# Bash function to parse git status

I have a function here and wondered how well this can be refactored.

I currently have this:

status=git status 2>&1 | tee
dirty=echo -n "${status}" 2> /dev/null | grep "modified:" &> /dev/null; echo "$?"
untracked=echo -n "${status}" 2> /dev/null | grep "Untracked files" &> /dev/null; echo "$?"
ahead=echo -n "${status}" 2> /dev/null | grep "Your branch is ahead of" &> /dev/null; echo "$?"
newfile=echo -n "${status}" 2> /dev/null | grep "new file:" &> /dev/null; echo "$?"
renamed=echo -n "${status}" 2> /dev/null | grep "renamed:" &> /dev/null; echo "$?"
deleted=echo -n "${status}" 2> /dev/null | grep "deleted:" &> /dev/null; echo "$?"
bits=''
if [ "${renamed}" == "0" ]; then bits=">${bits}"
fi
if [ "${ahead}" == "0" ]; then bits="*${bits}"
fi
if [ "${newfile}" == "0" ]; then bits="+${bits}"
fi
if [ "${untracked}" == "0" ]; then bits="?${bits}"
fi
if [ "${deleted}" == "0" ]; then bits="x${bits}"
fi
if [ "${dirty}" == "0" ]; then bits="!${bits}"
fi
if [ ! "${bits}" == "" ]; then echo "${bits}"
else
echo ""
fi


I have played with it a little bit but I'm not an expert with bash so refactoring this is a little tricky, here is my attempt:

gitstatus=(
"renamed;renamed:;>"
"dirty;modified:;!"
"untracked;Untracked files;?"
"newfile;new file:;+"
"deleted;deleted:;x"
)

bits=''

for status in "${gitstatus[@]}"; do value=(${status//;/ })
check=echo -n "${value[0]}" 2> /dev/null | grep "${value[1]}" &> /dev/null; echo "$?" if [ "${check}" == "0" ]; then
bits="${value[2]}${bits}"
fi

done

if [ ! "${bits}" == "" ]; then echo "${bits}"
else
echo ""
fi

• have you considered using --porcelain option, which is intended to give output that's easier to parse? – Vogel612 Jan 22 '16 at 21:29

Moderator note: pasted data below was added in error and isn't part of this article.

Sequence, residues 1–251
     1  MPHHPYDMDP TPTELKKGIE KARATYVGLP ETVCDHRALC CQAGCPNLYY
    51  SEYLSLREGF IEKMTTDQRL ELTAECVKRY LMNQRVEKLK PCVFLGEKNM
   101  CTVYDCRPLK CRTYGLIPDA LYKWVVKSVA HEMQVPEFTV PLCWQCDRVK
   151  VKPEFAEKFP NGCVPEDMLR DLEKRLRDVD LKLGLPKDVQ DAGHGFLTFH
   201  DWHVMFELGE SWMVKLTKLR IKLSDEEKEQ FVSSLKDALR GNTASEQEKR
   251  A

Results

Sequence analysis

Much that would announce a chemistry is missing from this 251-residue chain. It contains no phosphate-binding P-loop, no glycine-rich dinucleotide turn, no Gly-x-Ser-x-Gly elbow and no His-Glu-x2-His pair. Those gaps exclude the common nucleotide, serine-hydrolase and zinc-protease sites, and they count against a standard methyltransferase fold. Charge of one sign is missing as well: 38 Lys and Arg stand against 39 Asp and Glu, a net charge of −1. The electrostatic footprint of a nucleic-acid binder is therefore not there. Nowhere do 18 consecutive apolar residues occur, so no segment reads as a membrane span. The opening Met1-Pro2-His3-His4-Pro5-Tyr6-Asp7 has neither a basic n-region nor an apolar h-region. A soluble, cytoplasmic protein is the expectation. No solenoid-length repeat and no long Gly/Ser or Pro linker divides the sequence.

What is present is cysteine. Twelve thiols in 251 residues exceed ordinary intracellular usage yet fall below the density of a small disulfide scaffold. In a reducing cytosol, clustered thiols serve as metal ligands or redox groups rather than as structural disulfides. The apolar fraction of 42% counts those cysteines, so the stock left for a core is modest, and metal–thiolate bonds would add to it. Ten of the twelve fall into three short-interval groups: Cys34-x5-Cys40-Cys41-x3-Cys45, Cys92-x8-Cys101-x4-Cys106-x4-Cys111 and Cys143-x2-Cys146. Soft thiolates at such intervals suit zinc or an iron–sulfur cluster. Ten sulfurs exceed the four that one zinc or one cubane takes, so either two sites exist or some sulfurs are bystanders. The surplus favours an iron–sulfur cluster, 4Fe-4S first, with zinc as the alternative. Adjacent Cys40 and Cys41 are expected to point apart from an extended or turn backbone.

• @Vogel612 yes that is something I have used before but didn't cross my mind here, its something I will look into. – Oliver Atkinson Jan 22 '16 at 21:39

## Porcelain format

As @Vogel612 noted, the --porcelain format is the right one to use for scripting:

The porcelain format is similar to the short format, but is guaranteed not to change in a backwards-incompatible way between Git versions or based on user configuration. This makes it ideal for parsing by scripts.

For the purposes of reviewing your code, though, I'll stick with the human format.

## Redirection

There seems to be unusual concern placed on the handling of the standard error streams. For the most part, you shouldn't need to worry about standard error that much. As a rule of thumb, standard error contains out-of-band error messages that aren't really part of the output, and therefore aren't worth parsing unless you are interested in capturing those messages. It may or may not be a good idea to redirect it to /dev/null.

As an example of that concern, I see git status 2>&1. What sorts of messages might be in git's standard error. One example would be

fatal: Not a git repository (or any of the parent directories): .git


Is that something that we would be interested in parsing? Not really. Is that a message that we want to make sure that the user never sees? Maybe. Therefore, standard error should either be left alone or redirected to /dev/null; lumping it together with standard output produces little benefit.

The standard error redirection in echo -n "${status}" 2> /dev/null is just superfluous. Echoing a string should never produce anything on standard error. As for grep … &> /dev/null, consider doing grep -q instead. I don't understand why you need to | tee. ## One pass, no buffering Instead of buffering the $status and doing many command substitutions with echo -n "${status}" … | grep …, I suggest doing it all in one pass in pure Bash. git status | ( unset dirty deleted untracked newfile ahead renamed while read line ; do case "$line" in
*modified:*)                      dirty='!' ; ;;
*deleted:*)                       deleted='x' ; ;;
*'Untracked files:')              untracked='?' ; ;;
*'new file:'*)                    newfile='+' ; ;;
bits="$dirty$deleted$untracked$newfile$ahead$renamed"
[ -n "$bits" ] && echo "$bits" || echo

• If you're using this code to produce a Bash prompt, then git status 2>/dev/null makes sense, because you never want to show any errors to the user. You also don't need the || echo at the end. – 200_success Jan 23 '16 at 18:38